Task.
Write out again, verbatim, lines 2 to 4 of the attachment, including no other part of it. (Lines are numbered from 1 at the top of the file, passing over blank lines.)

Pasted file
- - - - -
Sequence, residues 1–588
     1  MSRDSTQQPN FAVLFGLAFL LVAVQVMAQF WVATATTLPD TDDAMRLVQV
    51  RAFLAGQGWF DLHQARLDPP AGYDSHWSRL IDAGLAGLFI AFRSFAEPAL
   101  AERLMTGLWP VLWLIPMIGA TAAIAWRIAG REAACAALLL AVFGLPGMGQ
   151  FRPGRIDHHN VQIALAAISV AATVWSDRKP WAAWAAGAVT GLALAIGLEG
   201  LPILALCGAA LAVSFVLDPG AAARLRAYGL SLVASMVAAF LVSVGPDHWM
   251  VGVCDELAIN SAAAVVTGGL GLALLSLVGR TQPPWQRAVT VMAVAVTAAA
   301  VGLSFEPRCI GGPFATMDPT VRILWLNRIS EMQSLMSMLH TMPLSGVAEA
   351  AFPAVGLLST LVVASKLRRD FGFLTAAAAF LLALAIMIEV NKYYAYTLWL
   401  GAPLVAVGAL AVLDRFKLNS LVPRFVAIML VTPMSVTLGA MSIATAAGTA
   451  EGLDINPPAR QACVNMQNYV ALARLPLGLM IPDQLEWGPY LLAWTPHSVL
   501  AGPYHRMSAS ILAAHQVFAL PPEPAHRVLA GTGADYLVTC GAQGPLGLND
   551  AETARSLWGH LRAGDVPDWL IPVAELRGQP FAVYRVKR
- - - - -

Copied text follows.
     1  MSRDSTQQPN FAVLFGLAFL LVAVQVMAQF WVATATTLPD TDDAMRLVQV
    51  RAFLAGQGWF DLHQARLDPP AGYDSHWSRL IDAGLAGLFI AFRSFAEPAL
   101  AERLMTGLWP VLWLIPMIGA TAAIAWRIAG REAACAALLL AVFGLPGMGQ